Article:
By Jon Hamilton, Vice President of Strategic Solutions for Insurance Dialogue
There are 10,000 Americans that turn 65 every day. This increasing influx of aging Americans is the long-awaited onslaught of the Baby Boomer generation, a trend that is expected to continue for the next 19 years.
The question is: what are the bank-insurance partnerships doing to capitalize on this increase in ranks of seniors? Are banks and their partners taking stock of the products traditionally sold to people older than 65? Products like Medicare Supplement, Graded Death Benefit Life and Hospital Indemnity are still successfully sold in this market, but not by many banks. Beyond these traditional products for seniors, banks and their partners should also think about new products that will appeal to this market. Many of them going on Medicare for the first time will be prime prospects for drug plans, dental and eye care plans, and diabetes products.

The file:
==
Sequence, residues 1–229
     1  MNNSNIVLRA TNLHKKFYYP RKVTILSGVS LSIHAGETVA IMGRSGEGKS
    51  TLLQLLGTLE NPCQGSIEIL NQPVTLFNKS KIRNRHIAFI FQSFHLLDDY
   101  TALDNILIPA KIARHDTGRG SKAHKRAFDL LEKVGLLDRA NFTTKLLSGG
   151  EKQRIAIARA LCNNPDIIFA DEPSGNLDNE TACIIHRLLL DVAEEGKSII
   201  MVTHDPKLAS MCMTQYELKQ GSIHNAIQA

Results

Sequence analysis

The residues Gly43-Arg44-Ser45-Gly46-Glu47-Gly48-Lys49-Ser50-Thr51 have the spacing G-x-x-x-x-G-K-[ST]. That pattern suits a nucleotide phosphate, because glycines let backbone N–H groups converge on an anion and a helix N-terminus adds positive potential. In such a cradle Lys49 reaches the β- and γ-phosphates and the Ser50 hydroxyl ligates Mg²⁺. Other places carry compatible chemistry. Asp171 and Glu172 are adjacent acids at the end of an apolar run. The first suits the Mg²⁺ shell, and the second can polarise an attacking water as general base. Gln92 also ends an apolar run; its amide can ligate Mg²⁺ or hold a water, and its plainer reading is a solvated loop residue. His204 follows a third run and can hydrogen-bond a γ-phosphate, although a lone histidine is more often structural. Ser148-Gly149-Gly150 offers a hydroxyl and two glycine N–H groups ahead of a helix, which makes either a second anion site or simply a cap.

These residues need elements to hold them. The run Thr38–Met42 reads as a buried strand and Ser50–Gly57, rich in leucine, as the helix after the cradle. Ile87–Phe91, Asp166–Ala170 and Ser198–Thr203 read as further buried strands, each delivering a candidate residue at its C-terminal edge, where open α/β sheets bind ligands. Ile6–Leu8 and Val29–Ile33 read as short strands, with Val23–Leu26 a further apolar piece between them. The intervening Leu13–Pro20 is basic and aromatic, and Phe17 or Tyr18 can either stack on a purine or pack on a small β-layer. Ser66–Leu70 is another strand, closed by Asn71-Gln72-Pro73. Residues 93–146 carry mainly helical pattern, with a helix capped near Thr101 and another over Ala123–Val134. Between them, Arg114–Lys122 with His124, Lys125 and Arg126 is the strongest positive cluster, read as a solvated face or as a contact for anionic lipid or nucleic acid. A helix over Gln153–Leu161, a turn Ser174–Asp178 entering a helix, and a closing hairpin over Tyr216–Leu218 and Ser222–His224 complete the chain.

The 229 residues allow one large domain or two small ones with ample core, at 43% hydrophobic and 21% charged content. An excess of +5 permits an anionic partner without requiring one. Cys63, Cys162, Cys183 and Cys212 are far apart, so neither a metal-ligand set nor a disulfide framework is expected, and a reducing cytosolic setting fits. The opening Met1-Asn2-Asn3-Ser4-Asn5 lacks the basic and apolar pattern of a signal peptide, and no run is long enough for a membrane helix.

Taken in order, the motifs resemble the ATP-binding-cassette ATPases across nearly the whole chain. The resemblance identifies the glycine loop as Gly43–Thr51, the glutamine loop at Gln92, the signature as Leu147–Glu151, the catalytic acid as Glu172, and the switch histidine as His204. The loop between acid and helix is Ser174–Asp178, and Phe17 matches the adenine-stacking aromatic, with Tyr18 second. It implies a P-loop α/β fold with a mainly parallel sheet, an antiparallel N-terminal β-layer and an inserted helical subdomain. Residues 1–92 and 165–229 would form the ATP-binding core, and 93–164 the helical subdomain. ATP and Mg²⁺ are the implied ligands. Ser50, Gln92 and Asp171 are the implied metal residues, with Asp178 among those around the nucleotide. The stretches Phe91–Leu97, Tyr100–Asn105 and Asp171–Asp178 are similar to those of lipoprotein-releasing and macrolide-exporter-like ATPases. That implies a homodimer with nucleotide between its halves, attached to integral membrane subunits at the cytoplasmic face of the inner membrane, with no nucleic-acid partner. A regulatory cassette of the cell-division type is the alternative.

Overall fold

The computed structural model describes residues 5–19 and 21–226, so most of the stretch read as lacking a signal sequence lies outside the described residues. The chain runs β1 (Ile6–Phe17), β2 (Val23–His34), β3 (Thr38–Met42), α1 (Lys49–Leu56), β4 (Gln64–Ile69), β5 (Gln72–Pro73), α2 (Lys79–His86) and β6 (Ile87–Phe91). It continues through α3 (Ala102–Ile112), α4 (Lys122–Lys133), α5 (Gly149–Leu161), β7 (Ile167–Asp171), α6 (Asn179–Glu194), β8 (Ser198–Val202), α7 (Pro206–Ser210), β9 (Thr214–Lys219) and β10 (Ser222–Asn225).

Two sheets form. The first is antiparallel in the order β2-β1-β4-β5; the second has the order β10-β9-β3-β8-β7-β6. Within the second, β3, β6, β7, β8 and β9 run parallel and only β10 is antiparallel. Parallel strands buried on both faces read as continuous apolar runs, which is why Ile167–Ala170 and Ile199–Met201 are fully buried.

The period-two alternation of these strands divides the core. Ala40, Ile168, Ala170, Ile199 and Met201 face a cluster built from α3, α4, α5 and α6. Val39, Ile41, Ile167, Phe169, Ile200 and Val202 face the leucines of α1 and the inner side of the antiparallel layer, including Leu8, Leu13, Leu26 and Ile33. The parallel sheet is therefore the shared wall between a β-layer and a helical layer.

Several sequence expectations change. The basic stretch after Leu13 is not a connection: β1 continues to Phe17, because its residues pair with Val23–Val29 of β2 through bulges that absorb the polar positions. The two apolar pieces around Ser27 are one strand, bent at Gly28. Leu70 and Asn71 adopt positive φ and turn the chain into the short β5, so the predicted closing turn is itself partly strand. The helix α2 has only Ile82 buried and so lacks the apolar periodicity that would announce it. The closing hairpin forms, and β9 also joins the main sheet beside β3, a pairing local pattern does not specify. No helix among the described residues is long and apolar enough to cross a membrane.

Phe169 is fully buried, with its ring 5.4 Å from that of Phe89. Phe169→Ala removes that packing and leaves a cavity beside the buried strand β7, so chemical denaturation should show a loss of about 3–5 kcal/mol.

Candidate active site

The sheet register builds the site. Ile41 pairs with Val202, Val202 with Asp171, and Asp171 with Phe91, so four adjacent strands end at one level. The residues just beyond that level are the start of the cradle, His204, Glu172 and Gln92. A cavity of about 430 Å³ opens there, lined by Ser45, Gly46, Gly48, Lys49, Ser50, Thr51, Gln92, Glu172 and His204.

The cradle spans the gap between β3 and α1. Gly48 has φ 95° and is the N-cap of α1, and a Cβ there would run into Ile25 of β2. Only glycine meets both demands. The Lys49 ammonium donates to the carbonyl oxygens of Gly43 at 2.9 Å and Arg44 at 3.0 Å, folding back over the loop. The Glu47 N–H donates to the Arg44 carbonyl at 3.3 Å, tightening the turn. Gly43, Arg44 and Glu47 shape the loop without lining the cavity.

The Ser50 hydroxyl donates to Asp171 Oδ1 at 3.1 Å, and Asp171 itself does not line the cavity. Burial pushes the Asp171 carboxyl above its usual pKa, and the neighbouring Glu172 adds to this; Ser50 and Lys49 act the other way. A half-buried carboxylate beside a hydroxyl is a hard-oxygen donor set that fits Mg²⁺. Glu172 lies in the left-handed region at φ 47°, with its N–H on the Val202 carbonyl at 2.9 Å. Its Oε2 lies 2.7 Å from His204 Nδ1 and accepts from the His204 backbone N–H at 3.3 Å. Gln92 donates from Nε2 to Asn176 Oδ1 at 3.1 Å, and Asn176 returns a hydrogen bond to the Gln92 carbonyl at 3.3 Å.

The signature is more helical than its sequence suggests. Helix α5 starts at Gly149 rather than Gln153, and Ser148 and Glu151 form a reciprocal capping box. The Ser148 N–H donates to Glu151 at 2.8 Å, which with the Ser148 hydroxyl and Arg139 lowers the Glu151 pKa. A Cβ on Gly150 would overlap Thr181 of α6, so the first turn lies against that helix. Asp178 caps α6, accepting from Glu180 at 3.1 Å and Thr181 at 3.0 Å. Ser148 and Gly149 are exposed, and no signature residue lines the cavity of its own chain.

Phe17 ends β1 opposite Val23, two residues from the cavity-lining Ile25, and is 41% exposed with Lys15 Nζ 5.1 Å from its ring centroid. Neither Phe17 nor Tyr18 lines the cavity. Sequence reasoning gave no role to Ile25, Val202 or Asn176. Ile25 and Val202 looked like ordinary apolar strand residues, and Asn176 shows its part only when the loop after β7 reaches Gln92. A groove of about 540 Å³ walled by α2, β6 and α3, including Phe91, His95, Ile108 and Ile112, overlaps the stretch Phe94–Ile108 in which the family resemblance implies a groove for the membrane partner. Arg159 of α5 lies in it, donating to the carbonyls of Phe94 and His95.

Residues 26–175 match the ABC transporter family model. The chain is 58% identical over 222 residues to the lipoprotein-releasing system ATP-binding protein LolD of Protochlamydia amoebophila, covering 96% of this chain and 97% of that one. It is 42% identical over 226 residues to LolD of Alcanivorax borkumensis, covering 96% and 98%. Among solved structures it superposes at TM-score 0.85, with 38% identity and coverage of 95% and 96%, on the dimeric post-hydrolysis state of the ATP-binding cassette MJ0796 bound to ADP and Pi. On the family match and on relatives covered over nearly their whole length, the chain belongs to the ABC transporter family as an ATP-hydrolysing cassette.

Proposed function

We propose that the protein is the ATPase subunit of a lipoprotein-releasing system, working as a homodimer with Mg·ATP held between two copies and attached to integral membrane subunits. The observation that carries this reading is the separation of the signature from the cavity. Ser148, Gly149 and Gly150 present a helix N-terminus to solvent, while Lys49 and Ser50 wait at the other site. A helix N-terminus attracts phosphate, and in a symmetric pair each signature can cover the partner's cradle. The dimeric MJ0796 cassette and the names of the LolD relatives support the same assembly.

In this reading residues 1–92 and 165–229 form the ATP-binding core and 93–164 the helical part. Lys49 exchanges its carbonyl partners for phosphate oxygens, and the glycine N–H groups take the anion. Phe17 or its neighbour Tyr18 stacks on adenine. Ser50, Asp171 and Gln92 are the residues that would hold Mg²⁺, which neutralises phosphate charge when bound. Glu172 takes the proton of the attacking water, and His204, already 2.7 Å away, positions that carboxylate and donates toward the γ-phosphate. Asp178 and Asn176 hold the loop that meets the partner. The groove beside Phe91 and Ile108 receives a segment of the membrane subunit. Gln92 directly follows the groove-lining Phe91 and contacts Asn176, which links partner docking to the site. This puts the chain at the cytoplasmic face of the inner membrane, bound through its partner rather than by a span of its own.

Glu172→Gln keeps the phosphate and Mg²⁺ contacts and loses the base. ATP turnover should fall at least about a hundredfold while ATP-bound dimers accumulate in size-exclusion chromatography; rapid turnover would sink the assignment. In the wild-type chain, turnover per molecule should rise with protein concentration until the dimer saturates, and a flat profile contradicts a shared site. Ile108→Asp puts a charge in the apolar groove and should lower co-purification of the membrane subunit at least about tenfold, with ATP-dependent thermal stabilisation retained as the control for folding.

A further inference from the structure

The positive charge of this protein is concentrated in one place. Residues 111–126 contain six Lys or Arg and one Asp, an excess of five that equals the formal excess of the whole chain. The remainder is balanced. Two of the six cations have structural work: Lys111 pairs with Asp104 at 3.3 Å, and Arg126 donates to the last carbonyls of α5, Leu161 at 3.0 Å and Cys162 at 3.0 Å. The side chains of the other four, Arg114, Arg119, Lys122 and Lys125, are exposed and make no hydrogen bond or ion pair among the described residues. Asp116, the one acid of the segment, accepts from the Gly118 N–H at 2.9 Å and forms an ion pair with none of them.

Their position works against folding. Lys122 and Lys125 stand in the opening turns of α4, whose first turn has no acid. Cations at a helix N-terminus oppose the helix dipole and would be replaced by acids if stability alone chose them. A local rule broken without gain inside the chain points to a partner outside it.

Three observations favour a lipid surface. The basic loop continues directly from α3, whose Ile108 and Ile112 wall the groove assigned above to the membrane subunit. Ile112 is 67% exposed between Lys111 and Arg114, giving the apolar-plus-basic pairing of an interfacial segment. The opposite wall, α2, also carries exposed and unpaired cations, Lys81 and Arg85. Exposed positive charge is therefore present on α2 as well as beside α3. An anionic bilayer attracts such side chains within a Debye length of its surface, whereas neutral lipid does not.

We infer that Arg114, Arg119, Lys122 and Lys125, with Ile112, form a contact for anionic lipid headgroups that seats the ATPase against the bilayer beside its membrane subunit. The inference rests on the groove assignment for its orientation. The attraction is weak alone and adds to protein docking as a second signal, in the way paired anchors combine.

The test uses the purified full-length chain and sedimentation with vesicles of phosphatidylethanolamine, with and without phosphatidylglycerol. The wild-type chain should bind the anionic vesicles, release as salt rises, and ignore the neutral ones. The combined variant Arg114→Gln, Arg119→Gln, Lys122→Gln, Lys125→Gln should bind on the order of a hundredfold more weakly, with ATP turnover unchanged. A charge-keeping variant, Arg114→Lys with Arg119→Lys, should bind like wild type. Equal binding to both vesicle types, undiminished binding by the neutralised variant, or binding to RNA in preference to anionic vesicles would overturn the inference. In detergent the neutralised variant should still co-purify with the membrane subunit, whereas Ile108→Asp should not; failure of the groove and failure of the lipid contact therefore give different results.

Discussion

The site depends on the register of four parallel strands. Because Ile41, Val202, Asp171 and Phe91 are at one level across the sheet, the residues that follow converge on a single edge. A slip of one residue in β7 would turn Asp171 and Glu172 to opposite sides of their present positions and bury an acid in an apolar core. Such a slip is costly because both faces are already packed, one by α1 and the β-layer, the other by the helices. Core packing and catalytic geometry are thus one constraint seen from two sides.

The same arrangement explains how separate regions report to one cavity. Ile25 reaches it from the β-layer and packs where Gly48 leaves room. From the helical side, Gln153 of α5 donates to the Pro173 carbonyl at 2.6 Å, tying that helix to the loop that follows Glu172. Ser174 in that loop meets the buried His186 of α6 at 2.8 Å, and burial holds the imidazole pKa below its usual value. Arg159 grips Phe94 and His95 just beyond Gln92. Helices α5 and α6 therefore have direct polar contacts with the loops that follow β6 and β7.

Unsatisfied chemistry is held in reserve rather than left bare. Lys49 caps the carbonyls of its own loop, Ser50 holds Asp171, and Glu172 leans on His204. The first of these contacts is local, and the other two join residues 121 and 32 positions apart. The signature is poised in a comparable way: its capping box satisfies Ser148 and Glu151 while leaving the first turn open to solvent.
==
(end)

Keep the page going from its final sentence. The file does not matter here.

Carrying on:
Baby Boomers trust their bank, which means that banks are uniquely positioned to help Baby Boomers make the many decisions that will affect their financial future. One key place that banks can be of assistance is in the Medigap market.
The Medigap Market
As people approach their 65th birthday, they are bombarded with information about Medicare and the various options promising to give them full protection. Most of this information comes to them through direct mail or the Internet. Unfortunately, the sheer volumes of these communications lead to confusion or frustration. These clients are looking to have it all made simpler. For these people, a much better solution would be to get the information and eventually the policy from someone they trust--their bank!
Taking advantage of this trust relationship by expanding it into the Medicare advisory role enables banks to help their customers make better decisions, increase their “share of wallet” with baby boomers and earn commissions in the process. All it takes is partnering with the underwriters who provide the best Medicare options through an intermediary well versed in these options.
Next week, we will turn to part 2, which will give some basic information about the Medicare market and some thoughts for banks to consider when choosing a sales partner.